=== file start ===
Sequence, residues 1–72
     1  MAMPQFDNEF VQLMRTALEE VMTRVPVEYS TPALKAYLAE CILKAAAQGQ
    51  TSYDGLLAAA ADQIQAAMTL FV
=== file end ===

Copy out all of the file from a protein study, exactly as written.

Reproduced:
Sequence, residues 1–72
     1  MAMPQFDNEF VQLMRTALEE VMTRVPVEYS TPALKAYLAE CILKAAAQGQ
    51  TSYDGLLAAA ADQIQAAMTL FV